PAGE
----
Code Black


Pilot: A great cold opening that led into a relentless adrenaline high for the next 40-odd minutes, but therein laid Code Black's biggest problem. How can it maintain such high standards for a whole (network) season? Marcia Gay Harden is the star of the show and her entrance was brilliant. She was believable (in a TV sense of the word) and had enough vulnerability to not make her a sap. The central conflict was addressed early on and laid the groundwork for the rest of the pilot to focus on. Harden's chief sparring partner is Raza Jaffrey who has really seen his star rise since getting noticed on Smash. The other standout was Luis Guzman and it's a pity Kevin Dunn is not a regular. As for the residents, they are externally different but written oh-so boringly. The writing on the show is also bordering on cheesy and clunky, and unabashedly emotionally baiting. After the pilot, this feels like HOUSE M.D. on speed but lacking the cast chemistry and magnetic enigmatic charisma of Hugh Dancy.

Episode 2, We Plug Holes: This episode continues on the exploring the chaos that is Code Black and already the show feels repetitive with little to no characterisation. As the doctors are the focus, we do not get a good picture/depiction of the Emergency Room. In addition, it has a feeling of entitlement and indifference. All good medical-based TV tend to have a good mix of healthcare personnel: ER, Scrubs, and even Offpsring. The show sustained its watchability because of the adrenalin coursing through it, which begs the questions: how can they keep it going for 20-odd episodes, and how will the show be like when the volume is dialled down to 2 instead of 99. Kevin Dunn is this show's MVP - just like in VEEP.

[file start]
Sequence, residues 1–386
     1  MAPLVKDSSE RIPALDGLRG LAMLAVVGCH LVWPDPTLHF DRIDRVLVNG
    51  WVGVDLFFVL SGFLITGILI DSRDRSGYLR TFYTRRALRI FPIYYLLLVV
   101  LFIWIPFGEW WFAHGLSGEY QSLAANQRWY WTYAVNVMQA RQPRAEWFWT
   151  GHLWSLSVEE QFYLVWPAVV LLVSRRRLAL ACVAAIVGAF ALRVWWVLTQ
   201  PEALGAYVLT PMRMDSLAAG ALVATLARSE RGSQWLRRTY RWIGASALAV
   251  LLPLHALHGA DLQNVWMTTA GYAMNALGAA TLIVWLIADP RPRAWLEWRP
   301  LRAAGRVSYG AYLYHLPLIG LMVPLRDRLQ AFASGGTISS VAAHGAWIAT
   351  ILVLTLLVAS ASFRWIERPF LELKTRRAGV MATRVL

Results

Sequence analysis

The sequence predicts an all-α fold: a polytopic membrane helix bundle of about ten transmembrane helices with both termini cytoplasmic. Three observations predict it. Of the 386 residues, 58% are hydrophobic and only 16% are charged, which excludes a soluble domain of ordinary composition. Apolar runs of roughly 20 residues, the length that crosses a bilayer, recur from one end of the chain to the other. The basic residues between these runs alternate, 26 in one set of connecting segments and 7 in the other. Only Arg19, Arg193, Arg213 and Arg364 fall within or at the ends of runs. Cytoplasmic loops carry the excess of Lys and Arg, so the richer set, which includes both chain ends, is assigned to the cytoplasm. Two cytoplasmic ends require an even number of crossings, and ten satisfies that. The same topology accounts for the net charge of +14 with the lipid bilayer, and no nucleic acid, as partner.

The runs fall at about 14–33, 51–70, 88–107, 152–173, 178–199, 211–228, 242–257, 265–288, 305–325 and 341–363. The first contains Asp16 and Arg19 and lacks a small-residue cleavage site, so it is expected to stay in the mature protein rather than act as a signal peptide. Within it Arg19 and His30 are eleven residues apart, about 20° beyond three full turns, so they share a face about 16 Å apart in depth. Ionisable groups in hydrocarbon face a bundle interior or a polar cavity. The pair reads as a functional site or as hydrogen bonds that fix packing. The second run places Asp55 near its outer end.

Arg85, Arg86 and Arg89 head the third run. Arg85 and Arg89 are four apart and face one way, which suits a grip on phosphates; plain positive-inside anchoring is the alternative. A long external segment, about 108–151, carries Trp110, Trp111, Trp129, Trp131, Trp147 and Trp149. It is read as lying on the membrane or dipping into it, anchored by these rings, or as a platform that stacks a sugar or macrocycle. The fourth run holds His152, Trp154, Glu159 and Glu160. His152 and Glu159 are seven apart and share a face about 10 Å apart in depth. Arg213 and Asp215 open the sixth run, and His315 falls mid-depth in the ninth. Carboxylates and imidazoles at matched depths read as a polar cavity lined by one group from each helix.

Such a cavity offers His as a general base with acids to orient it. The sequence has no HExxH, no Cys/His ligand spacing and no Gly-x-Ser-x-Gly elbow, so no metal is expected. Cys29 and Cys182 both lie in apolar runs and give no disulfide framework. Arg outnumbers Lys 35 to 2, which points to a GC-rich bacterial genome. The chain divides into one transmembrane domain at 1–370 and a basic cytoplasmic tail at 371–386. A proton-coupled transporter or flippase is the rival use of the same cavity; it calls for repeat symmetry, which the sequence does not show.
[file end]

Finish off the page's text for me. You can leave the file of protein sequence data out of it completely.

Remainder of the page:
Episode 3, Pre-Existing Conditions: Where are the opening credits? Pity. It's like they heard me. A quieter episode here and a lot of flaws are now showing. The Residents are still boring and stereotypical. Their storylines are run-of-the-mill and unexceptional, bringing nothing new nor exciting to the genre. The morality yardstick is too on the nose and the greyness in the earlier episodes seemed more black now. The showrunners are trying to let us know the characters better, but honestly, they don't seem too interesting. Raza Jaffrey is actually at the top of this stack and even Marcia Gay Harden is losing her intrigue now. Kevin Dunn on the other hand...At least some pairings work: Harden and Luis Guzman are a highlight. Writing definitely needs to improve. Most of the time the characters are spouting lines straight out from pre-UnREAL Lifetime.

Episode 4, Sometimes It's a Zebra: Dialogue is still clunky and the characters still flat and repetitive. The medical aspects of it are interesting but they do not really help to inform on characterisation or narrative much, and professionally, the medicine is just off the mark even with poetic licence. Many times it just served to add drama for drama sake, and the plotting is getting repetitive: "it's a risk you have to take", "you can do it...i can't...yes you can...".  "you're his doctor". And despite all that, in four episodes we have still not seen a big setback. Why have residences? Their struggles are not only inexperience.

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